Water Planning After the Age of Infrastructure
Despite geologic barriers and in the face of scientific advice, huge infrastructure projects of the 20th century brought water to the arid United States Southwest and fueled the growth of a megaregion. But now that era of infrastructure-enabled growth is over, leaving planners, developers and policymakers looking for new ways to sustain growth and rising demand amid diminishing resources.
In an article published on Planetizen, assistant editor Nate Berg tells the story of 19th century explorer John Wesley Powell who led the first documented expedition into the Grand Canyon in 1869.
In 1875, Powell presented his report to Congress. According to Berg, “He advised an almost complete halt to the settlement of the West, suggesting that the western U.S. wouldn't be able to support agriculture without extensive irrigation, and that without a more scientifically-based distribution of water rights, any further settlement would lead to devastation. Watersheds, he said, should define the location and extent of land settlement. Congress summarily dismissed his suggestions.”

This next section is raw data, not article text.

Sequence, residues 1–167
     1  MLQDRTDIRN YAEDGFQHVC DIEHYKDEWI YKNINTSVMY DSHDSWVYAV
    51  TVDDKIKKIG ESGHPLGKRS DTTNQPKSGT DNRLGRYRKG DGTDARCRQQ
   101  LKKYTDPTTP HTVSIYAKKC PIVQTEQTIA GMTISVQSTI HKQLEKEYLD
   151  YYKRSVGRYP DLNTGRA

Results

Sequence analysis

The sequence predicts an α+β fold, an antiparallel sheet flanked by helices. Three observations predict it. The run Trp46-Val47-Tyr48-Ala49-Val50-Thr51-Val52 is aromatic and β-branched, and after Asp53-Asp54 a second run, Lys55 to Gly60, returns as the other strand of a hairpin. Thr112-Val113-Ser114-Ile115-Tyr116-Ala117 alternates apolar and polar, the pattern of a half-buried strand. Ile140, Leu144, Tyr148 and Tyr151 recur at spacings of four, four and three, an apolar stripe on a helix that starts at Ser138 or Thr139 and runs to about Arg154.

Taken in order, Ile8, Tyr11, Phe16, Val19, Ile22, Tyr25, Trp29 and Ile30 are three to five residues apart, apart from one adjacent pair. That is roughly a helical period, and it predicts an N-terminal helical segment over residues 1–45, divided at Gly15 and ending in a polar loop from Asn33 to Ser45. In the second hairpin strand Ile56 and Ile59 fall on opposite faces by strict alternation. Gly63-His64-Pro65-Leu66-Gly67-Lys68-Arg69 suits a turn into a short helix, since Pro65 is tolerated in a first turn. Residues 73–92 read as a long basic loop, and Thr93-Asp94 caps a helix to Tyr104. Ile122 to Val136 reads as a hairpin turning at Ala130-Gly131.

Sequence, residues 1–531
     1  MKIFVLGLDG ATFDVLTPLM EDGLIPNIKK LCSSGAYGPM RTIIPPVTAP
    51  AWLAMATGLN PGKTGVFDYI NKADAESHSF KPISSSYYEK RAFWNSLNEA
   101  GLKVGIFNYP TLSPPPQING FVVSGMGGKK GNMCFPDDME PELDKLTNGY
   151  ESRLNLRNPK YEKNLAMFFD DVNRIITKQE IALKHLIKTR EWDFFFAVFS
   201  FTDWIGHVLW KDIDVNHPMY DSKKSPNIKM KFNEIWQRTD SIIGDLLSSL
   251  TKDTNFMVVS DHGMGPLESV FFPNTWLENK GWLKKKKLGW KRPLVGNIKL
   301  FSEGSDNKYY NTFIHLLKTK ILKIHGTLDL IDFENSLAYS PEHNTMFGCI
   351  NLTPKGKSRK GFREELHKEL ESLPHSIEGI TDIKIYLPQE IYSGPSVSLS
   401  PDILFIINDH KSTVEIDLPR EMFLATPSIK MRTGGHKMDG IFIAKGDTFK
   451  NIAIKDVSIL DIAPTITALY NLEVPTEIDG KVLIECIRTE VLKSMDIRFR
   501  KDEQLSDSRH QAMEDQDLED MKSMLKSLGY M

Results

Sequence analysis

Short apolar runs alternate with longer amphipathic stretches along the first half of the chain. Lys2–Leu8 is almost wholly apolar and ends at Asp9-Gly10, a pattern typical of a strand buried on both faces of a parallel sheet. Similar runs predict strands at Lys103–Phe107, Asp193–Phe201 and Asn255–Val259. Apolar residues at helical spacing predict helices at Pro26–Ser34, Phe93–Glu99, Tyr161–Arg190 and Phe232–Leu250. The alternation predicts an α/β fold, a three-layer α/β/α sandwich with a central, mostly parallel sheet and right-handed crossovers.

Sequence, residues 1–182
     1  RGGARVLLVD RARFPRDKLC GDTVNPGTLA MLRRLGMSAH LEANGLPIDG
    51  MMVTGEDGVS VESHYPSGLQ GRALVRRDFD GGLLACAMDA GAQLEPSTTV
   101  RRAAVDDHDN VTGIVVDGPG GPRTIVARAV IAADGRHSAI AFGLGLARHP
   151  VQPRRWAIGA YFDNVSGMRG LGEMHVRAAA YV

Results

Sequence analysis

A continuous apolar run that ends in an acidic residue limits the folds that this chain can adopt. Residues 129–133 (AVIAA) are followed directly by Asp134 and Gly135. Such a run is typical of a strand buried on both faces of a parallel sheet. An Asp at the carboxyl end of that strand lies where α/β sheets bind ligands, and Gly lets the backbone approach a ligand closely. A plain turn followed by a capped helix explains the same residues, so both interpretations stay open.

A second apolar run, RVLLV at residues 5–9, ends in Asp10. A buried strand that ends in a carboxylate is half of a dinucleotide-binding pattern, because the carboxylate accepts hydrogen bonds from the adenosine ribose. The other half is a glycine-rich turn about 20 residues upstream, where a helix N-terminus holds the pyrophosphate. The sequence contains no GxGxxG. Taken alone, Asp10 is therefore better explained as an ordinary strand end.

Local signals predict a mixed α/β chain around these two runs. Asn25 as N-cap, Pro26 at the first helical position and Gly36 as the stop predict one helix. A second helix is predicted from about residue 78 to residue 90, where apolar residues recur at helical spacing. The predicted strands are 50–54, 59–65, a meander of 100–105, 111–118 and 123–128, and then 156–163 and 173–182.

Today, writes Berg, “The age of infrastructure-enabled growth…is being replaced by an age of sustained settlement through conservation, advancing technology and a more holistic approach to using and managing water.”
To read the complete story, click on Water Planning After the Age of Infrastructure
Posted December 2009